Over these difficult months Feijen kept a diary of his progress on Facebook and it was clear he was suffering, in more ways than one. Not only did he have to miss out on the 2018 Mosconi Cup, but he seemed to sense that he may never find a cure and might never be able to once again reach the lofty heights he had enjoyed for years.

When Feijen received the call to join the Masters, he was pretty sure he would have to turn the invite down. About a month before the event, though, he met with a new physical therapist, who prescribed a new training regime which quickly seemed to bring some relief. Even then he wasn't sure his cueing arm would be 100 percent, but his doctor told him to keep pressing forward. In mid-February, two weeks before the event, Feijen was still on the fence. But with the encouragement of his doctor, he made what could be the gutsiest decision of his career.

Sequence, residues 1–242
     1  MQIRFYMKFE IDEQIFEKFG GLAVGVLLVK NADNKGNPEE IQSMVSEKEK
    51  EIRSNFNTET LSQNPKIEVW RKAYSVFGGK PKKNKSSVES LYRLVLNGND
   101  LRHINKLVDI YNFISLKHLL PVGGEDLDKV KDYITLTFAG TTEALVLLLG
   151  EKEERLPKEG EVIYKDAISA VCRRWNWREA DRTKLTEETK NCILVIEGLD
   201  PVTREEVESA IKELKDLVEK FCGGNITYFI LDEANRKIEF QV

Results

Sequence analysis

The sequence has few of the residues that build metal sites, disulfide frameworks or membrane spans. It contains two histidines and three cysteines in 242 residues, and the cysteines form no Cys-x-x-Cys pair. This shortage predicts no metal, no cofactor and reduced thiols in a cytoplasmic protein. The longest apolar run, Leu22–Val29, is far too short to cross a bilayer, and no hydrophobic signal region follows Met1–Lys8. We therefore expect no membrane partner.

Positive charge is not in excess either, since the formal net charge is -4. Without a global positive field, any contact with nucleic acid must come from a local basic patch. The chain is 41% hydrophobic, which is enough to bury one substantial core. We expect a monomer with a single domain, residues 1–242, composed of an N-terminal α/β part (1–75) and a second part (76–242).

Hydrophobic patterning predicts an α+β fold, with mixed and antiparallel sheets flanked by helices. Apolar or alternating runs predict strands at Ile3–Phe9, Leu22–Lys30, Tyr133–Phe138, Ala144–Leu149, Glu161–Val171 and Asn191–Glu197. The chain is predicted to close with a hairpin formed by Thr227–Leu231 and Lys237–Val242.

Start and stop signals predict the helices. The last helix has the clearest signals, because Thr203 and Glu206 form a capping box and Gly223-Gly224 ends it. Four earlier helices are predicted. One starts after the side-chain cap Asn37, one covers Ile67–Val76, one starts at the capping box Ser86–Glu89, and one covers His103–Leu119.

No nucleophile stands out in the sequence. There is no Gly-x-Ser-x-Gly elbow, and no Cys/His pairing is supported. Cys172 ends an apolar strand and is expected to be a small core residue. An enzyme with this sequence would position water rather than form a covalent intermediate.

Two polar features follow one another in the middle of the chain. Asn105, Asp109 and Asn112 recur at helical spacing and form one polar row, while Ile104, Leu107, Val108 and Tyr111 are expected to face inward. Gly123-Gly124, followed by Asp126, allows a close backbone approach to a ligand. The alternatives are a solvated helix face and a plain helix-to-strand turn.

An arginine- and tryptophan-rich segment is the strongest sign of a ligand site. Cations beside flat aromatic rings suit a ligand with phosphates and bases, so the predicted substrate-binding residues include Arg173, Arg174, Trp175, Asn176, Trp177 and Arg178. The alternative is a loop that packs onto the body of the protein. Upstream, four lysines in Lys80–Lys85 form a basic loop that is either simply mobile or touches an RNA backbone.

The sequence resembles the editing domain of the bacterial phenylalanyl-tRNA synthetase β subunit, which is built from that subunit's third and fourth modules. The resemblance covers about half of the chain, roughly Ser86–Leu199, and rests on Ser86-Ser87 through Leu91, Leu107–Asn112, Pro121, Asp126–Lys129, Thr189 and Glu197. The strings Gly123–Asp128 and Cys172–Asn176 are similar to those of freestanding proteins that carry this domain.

Playing loose and without expectation, the Dutchman could do no wrong as he stormed through a gauntlet of top pool talent to capture his second World Pool Masters title. His emphatic 8-4 finals win over American Shane Van Boening even had an ending right out of a movie script. It was enough to move the normally stoic Feijen to tears afterwards.

Feijen shook off any rust in the opening round, blitzing Raj Hundal (seated), 8-2, and building confidence for a run.